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Morbidity Burdens Attributable to Various Illnesses and Injuries Among Deployed Active and Reserve Component Service Members, U.S. Armed Forces, 2022

Image of Cover 1. Deployed service members are primarily selected from a subset of the active component, but the reserve component also contributes a substantial portion of U.S. deployed forces.

Each year, the MSMR estimates illness- and injury-related morbidity and health care burdens on the U.S. Armed Forces and the Military Health System, and this report updates previous analyses of these burden distributions among active and reserve component service members in deployed settings. While deployed service members are primarily selected from a subset of the active component, the reserve component also contributes a substantial portion of U.S. deployed forces. This report focuses on the health encounters of service members during deployment to two specific theaters of operation: U.S. Central Command (CENTCOM) and U.S. Africa Command (AFRICOM). While U.S. service members are deployed to all geographic combatant commands, the largest concentrations without access to fixed medical facilities are in the CENTCOM and AFRICOM areas of operation.

This report utilizes data from the Theater Medical Data Store, which documents service members’ inpatient and outpatient encounters while treated in an operational environment; MHS GENESIS captures health care data at permanent military facilities. TMDS receives medical data from Theater Medical Information Program-Joint applications, including AHLTA-Theater, TMIP-Composite Health Care System Cache, Mobile Computing Capability, Maritime Medical Modules, and the U.S. Transportation Command Regulating and Command and control Evacuation System (TRAC2ES).2

While this report focuses on medical encounters of service members treated in CENTCOM and AFRICOM operational environments during the 2022 calendar year, future reports may incorporate other combatant commands as circumstances dictate and data become available.

What are the new findings?

Administrative and other health services (ICD-10 “Z” codes) together with musculoskeletal disorders accounted for more than half of total medical encounters in 2022 among service members deployed to the U.S. Central Com­mand (CENTCOM) or the U.S. Africa Command (AFRICOM). Three common injury conditions—other back problems, arm/shoulder injuries, and knee injuries—were shared by male and female service members deployed to CENTCOM and AFRICOM.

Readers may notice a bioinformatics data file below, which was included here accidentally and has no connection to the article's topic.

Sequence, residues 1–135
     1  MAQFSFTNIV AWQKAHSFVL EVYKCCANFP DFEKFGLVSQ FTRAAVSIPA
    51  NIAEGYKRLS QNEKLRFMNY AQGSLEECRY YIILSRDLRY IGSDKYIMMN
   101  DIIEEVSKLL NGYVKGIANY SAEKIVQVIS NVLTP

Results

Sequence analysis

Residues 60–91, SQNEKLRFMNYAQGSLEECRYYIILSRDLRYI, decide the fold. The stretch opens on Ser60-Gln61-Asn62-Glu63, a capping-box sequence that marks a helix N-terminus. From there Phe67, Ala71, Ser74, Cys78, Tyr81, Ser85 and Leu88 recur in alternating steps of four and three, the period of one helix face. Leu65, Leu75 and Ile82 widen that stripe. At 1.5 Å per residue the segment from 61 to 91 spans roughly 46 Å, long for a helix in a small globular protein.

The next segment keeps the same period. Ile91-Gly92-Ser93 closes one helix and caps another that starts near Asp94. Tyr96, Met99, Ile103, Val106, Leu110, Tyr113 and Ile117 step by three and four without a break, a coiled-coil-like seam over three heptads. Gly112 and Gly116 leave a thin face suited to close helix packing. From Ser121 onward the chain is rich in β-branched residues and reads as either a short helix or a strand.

What is the impact on readiness and force health protection?

Understanding the most common causes of injury and illness during deployment will help senior leaders develop and implement strategies to reduce preventable medical issues, preserving the fighting strength and enhancing readiness.


The surveillance population includes all individuals who served in the active or reserve components of the U.S. Army, Navy, Air Force, or Marine Corps with health care encounters captured in the TMDS during the surveillance period. This analysis was restricted to encounters where the theater of care specified was CENTCOM or AFRICOM, or where the name of the theater of operation was missing or null; by default, this excluded encounters in the U.S. Northern Command, U.S. European Command, U.S. Indo-Pacific Command, or U.S. Southern Command theaters of operations. In addition, TMDS-recorded medical encounters where the data source was identified as Shipboard Automated Medical System, or where the military treatment facility descriptor indicated that care was provided aboard a ship, were excluded from this analysis. Encounters from aero­medical staging facilities outside of CENTCOM or AFRICOM were also excluded.